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Tag Archives: social

Ambassador predicts need for social work skills

Ambassador Wendy Sherman

By Paul R. Pace, News staff  The world needs an interdisciplinary approach more than ever to address the social, political, technological and climate challenges of today and the future, says Ambassador Wendy Sherman, a newly appointed NASW Social Work Pioneer ®  Political solutions can’t keep up with the rapid pace of change, said Sherman in her keynote speech at the NASW Social Work Pioneers  13 annual program and luncheon held in Washington, D.C., in October.  Sherman, was among the 17 2017 Pioneer inductees. She is the former undersecretary ... Read More »

Social workers discuss role in promoting U.N. goals

Social workers promote social work's role in promoting the U.N.'s sustainable development goals in New York.

By Paul R. Pace, News staff Grameen Bank provides credit without collateral to those who are poor in rural Bangladesh. Aimed primarily at women, these microcredit loans of often no more than $100 are meant to help those who are poor launch small businesses. The bank says it has 8.92 million borrowers, 97 percent of whom are women, and it ... Read More »

Opioid crisis leads to social work workforce shortage

Opioid epidemic and drug abuse concept

By Paul R. Pace, News staff The nation’s opioid crisis is creating a new threat in some of the hardest hit states: a social work workforce shortage in child welfare and addiction treatment. “The demand for social workers has always been high, but it is particularly true now,” says Michael Patchner, university dean at Indiana University School of Social Work. ... Read More »

Experts: Family violence touches all practice areas

Sad, desperate little boy during parents quarrel

By Alison Laurio, News contributor A 4-year-old boy was brought into a North Carolina hospital emergency room in August after his mother’s boyfriend picked him up by his legs and threw him across the room. He told his grandmother, “Mommy didn’t protect me.” Family violence happens every day in every state, and it affects people in every stage of life, ... Read More »

Learning to harness technology for social good

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By Alison Laurio, News contributor Melanie Sage is part of a suicide special interest group that meets on Twitter, where she said “the medium helps get us out of our silos and see problems from multiple perspectives.” In 2014, Stephanie Berzin was given a Teaching with New Media Award by Boston College for outstanding uses of technology in teaching for ... Read More »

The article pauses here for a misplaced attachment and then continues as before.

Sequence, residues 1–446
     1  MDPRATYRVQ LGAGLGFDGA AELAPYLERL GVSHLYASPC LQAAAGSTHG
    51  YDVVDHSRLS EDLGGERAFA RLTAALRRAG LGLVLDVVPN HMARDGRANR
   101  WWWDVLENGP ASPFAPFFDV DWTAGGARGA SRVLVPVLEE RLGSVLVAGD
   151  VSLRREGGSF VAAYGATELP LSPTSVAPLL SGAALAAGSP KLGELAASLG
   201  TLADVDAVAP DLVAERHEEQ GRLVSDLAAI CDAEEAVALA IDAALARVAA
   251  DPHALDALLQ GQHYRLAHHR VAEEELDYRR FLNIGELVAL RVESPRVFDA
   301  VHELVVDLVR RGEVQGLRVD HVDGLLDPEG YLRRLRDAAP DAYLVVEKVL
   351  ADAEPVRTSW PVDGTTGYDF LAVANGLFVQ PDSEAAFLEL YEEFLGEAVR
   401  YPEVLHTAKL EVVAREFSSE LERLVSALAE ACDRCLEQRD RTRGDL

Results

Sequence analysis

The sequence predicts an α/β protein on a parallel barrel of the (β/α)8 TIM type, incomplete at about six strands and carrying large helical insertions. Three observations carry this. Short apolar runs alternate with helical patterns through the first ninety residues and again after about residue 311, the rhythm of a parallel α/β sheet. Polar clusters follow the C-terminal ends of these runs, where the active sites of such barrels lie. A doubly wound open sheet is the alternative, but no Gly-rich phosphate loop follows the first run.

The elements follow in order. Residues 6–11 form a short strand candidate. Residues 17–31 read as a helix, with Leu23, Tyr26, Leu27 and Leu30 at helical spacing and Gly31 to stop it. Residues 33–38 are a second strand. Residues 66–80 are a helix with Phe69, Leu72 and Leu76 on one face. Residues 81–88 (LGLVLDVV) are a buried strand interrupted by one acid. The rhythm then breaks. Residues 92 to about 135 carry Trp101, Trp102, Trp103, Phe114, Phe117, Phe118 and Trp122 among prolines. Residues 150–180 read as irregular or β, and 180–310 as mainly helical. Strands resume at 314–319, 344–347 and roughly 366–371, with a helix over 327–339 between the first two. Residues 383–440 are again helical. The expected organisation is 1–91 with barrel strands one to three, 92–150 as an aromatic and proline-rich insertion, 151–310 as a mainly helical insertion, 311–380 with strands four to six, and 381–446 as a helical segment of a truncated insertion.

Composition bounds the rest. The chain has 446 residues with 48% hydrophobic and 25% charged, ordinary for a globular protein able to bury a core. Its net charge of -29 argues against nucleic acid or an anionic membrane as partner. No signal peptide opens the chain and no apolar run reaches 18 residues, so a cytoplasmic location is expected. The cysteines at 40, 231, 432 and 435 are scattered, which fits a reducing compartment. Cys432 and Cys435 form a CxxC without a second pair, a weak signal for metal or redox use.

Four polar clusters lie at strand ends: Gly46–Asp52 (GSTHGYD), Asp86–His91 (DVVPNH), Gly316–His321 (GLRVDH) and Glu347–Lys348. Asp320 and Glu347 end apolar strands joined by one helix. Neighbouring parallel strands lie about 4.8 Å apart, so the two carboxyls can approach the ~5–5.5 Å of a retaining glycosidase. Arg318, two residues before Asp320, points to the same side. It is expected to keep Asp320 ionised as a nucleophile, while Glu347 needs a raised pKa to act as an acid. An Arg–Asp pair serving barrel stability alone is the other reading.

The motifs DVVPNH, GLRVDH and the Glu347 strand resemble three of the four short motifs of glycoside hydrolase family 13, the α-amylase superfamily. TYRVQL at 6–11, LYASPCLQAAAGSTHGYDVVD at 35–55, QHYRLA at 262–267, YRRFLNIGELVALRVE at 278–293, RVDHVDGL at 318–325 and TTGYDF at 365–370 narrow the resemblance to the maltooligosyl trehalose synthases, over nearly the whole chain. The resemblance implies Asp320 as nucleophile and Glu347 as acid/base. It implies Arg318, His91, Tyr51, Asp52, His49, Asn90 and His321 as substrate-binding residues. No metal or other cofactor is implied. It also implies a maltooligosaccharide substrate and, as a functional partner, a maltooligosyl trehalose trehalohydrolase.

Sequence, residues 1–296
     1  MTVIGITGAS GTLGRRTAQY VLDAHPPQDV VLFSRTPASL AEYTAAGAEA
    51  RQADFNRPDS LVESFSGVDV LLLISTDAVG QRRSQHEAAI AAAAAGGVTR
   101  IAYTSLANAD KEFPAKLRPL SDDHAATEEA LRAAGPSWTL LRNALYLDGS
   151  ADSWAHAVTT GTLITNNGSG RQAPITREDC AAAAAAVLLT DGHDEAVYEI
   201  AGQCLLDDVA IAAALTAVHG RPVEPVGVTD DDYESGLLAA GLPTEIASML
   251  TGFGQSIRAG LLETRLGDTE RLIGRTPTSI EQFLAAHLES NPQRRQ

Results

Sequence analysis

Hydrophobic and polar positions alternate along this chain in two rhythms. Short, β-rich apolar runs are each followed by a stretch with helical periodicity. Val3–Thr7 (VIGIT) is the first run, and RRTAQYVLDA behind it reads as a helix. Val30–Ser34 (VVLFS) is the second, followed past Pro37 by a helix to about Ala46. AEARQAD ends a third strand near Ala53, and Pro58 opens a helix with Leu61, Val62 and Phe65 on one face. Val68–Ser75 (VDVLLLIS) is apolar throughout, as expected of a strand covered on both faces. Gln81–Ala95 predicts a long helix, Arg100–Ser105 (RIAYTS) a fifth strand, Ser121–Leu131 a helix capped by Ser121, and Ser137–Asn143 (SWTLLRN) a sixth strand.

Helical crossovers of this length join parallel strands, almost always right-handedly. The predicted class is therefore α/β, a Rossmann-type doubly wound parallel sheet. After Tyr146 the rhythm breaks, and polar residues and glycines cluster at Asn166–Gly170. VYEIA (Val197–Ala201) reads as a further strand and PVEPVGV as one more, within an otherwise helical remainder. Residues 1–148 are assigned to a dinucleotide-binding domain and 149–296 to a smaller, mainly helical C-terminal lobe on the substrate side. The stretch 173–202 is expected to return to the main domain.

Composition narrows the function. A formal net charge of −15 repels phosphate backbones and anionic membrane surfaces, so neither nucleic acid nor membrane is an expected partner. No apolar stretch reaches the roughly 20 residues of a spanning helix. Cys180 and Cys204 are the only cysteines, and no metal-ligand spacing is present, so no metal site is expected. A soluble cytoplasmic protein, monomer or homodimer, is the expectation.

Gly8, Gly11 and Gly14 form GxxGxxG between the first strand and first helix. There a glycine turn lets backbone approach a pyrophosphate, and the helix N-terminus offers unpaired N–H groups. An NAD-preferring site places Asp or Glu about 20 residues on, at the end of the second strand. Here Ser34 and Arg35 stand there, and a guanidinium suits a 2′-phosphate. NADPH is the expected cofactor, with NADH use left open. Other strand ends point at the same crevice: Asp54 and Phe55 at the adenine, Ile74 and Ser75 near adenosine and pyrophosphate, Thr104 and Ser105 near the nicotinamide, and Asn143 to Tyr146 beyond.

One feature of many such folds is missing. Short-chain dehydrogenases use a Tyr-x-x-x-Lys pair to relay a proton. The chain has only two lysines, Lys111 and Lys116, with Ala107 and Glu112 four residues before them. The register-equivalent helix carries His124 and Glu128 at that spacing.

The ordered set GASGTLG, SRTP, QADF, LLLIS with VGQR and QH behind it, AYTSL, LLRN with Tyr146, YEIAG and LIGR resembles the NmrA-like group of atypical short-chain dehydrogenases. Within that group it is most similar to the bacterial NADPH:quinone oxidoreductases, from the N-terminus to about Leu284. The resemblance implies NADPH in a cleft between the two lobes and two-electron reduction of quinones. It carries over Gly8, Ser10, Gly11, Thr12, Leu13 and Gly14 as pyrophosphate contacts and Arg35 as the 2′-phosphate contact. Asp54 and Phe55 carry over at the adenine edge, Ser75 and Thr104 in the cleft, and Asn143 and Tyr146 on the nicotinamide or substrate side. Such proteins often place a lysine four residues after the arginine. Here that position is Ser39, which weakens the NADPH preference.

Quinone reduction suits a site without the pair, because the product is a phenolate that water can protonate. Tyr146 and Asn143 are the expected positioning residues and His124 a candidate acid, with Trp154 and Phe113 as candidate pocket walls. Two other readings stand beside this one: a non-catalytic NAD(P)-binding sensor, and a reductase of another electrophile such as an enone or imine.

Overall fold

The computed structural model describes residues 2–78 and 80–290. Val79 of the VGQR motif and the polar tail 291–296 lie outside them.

Programs help homeless, foster LGBTQ youth

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By Maren Dale, News contributor Although progress continues to be made toward lesbian, gay, bisexual, transgender and questioning (LGBTQ) equality in the U.S. — as evidenced by marriage equality and better recognition of and respect for people who identify as LGBTQ — this progress is not felt by all members of the LGBTQ community. For LGBTQ youth in foster care ... Read More »

Symposium examines HIV strategies

Panelists share insights to strengthen HIV case management at the 4th Annual Global Social Service Workforce Alliance.

By Paul R. Pace, News staff To stop the spread of HIV, it cannot be treated as a health or medical problem alone, says Tom Fenn, project director of the Coordinating Comprehensive Care for Children (4Children). “It’s not going to go away if we act like it’s the health sector’s responsibility or simply a question of ensuring we test and ... Read More »

Social work shared through generations

Social worker Maura Nsonwu, right, stands with her son, Zik, who is working on his BSW.

By Alison Laurio, News contributor When Maura Nsonwu was a teenager and her mother, Mary Anne Busch, was working on her master’s degree in social work, her mother called the children into the room to try out a family therapy technique: family sculpture. It calls for the client and all family members to be physically placed in a way that ... Read More »

Work to close health gap continues amid doubt

Conceptual image representing doctors and medical expenses with a balance

By Alison Laurio, News contributor   A year ago Heidi L. Allen’s sister died. “She lived in Idaho, which did not expand Medicaid under the ACA” (Affordable Care Act, also called Obamacare), said Allen, an associate professor of social work at Columbia University in New York whose focus is low-income, uninsured adults. “Here I study health insurance, and I have ... Read More »